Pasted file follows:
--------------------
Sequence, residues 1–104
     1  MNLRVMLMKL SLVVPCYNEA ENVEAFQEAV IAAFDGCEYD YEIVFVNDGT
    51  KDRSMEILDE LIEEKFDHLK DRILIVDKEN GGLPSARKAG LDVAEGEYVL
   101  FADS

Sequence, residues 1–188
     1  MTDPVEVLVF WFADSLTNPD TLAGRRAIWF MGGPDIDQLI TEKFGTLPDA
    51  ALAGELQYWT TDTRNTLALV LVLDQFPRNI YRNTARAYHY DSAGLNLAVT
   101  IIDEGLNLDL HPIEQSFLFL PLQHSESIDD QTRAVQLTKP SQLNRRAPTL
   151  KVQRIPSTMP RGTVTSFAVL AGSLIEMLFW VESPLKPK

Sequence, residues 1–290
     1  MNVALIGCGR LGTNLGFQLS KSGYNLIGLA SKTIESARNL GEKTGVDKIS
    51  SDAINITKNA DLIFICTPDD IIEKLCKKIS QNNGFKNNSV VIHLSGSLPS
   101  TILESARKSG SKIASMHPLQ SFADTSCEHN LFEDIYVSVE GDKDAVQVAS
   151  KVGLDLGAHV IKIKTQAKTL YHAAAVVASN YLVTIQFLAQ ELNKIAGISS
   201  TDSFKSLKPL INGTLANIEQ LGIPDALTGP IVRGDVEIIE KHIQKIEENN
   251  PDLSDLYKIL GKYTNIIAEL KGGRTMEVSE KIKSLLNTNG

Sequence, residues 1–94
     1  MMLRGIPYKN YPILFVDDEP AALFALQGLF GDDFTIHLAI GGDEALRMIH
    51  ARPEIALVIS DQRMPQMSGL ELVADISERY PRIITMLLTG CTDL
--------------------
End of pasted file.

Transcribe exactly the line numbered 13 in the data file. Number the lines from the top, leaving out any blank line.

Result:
   101  TILESARKSG SKIASMHPLQ SFADTSCEHN LFEDIYVSVE GDKDAVQVAS